Food Procurement and Distribution – PDS & NFSA, Shanta Kumar Committee, FCI restructuring, Buffer stock, etc.

How Punjab and Haryana remain key to National Food Security?


From UPSC perspective, the following things are important :

Prelims level: Trends in wheat and Rice production

Mains level: National food security;

Why in the News? 

The recent drop in agricultural production due to El-Nino has highlighted once more the critical role Punjab and Haryana play in ensuring India’s food security.

Role of Punjab and Haryana for the Food Security of India:

  • Punjab and Haryana are crucial in years with bad monsoons or climate shocks.
  • The average per hectare wheat and paddy yields in these states are 4.8 tonnes and 6.5 tonnes, respectively, significantly higher than the all-India averages of 3.5 tonnes and 4.1 tonnes.

Wheat Production:    

  • Traditional procurement: Until the mid-2000s, Punjab and Haryana supplied over 90% of the wheat for India’s public distribution system (PDS) and other government programs.
  • Impact of the Green Revolution: The spread of high-yielding varieties to other states and the establishment of infrastructure for buying grain at minimum support prices (MSP) reduced Punjab and Haryana’s share to around 65% by the early 2010s.
    • In 2019-20 and 2020-21, total wheat procurement reached record levels (39-43.3 million tons), with Punjab and Haryana’s share falling to just over 50%. Madhya Pradesh became the top wheat procurer in 2019-20, surpassing Punjab.
  • Climate Shocks: The last three years have seen production setbacks due to climate shocks, including: An unseasonal temperature surge in March 2022. Heavy rain in March 2023 during the grain formation stage.

Recent Climate Impact: 

In 2023-24, unusually warm temperatures in November-December impacted wheat yields, especially in central India. The delayed winter, attributed to El Nino, led to premature flowering and shortened the vegetative growth phase.

Regional Impact:

  • Madhya Pradesh’s wheat procurement dropped significantly from 12.8-12.9 million tons in 2019-20 and 2020-21 to about 4.6 million tons.
  • Uttar Pradesh and Rajasthan also saw significant declines from their 2020-21 highs.
  • Punjab and Haryana have been less affected due to longer winters and later sowing (early to mid-November).
  • Uttar Pradesh and Bihar reported good production due to near-normal March temperatures, but much of their produce was sold to private traders at prices above the MSP.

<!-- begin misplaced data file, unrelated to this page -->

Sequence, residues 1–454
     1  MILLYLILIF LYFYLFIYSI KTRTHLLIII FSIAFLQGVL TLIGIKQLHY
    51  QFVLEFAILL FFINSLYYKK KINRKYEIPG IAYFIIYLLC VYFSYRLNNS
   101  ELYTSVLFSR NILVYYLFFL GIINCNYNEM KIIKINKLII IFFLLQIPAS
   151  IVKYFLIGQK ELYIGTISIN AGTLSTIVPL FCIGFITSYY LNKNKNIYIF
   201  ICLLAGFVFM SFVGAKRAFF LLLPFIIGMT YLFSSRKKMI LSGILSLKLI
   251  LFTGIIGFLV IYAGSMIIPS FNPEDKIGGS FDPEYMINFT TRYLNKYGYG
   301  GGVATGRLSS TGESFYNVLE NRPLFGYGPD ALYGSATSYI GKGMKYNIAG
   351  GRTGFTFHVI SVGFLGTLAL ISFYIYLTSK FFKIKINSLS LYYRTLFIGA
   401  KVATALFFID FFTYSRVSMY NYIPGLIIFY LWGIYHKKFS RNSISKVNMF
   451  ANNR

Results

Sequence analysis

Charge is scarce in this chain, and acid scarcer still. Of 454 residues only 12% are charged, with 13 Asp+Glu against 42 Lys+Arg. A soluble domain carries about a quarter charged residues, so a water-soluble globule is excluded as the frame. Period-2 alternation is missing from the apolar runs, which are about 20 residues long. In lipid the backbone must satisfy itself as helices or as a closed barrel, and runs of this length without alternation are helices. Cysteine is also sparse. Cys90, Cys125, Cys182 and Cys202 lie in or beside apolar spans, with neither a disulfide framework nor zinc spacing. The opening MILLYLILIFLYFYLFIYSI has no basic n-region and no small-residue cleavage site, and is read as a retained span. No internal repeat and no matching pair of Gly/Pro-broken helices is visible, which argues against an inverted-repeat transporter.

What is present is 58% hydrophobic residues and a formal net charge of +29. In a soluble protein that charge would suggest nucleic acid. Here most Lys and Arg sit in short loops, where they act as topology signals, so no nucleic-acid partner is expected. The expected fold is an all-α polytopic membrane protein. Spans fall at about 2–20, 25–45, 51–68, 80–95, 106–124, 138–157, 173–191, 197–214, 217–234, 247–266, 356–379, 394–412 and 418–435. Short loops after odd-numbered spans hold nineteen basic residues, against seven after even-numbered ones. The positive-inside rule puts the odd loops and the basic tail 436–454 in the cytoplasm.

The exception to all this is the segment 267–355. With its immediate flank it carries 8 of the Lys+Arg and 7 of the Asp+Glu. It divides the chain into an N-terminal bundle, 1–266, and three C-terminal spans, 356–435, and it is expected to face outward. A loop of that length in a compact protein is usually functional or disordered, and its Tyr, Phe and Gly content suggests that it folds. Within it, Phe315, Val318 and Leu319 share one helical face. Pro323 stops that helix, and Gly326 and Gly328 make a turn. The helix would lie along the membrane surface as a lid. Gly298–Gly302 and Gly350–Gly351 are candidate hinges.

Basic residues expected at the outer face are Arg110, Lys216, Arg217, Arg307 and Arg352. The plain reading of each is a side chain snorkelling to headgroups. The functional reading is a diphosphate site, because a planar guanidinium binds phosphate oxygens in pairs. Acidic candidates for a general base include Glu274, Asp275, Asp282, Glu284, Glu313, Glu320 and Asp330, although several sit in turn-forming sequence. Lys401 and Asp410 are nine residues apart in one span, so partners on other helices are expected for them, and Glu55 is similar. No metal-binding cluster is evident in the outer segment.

Rice production in the states:

  • Traditional Procurement: Government rice procurement was historically concentrated in Punjab, Haryana, and the Godavari-Krishna and Kaveri delta regions of Andhra Pradesh (AP) and Tamil Nadu (TN).
  • Diversification: There has been a diversification in rice procurement, with new states like Telangana, Chhattisgarh, Odisha, and Uttar Pradesh (UP) becoming significant contributors to the Central pool.
  • Change in Procurement Shares: The combined share of Punjab and Haryana in total rice procurement decreased from 43-44% in the early 2000s to an average of 28.8% in the four years ending 2022-23. In the current crop year, this share has risen to around 32.9%, with some procurements still pending in Telangana, AP, and TN.

Impact of Irrigation:

  • Farmers in Punjab and Haryana, with assured access to irrigation, did not suffer production losses from last year’s patchy monsoon attributed to El Niño.
  • In contrast, states like Telangana saw reduced rabi paddy planting and struggled with irrigation due to depleted groundwater levels.

Policy implications

  • NFSA Entitlements: Under the NFSA, about 813.5 million people are entitled to receive 5 kg of wheat or rice per month through the Public Distribution System (PDS) at highly subsidized prices.
  • Current Government Policy: Since January 2023, the current government has been providing this grain to all NFSA beneficiaries free of cost.

Way Forward:

  • Adoption of Climate-Resilient Varieties: Develop and promote high-yield, climate-resilient wheat varieties that are tolerant to heat, drought, and diseases.
  • Efficient Irrigation Systems: Invest in modern irrigation systems such as drip and sprinkler irrigation to ensure efficient water use.
  • Invest in Agricultural Research: Increase funding for agricultural research institutions to develop new wheat varieties and innovative farming techniques.

Mains PYQ:

Q Why did the Green Revolution in India virtually by-pass the eastern region despite fertile soil and good availability of water? (UPSC IAS/2014)

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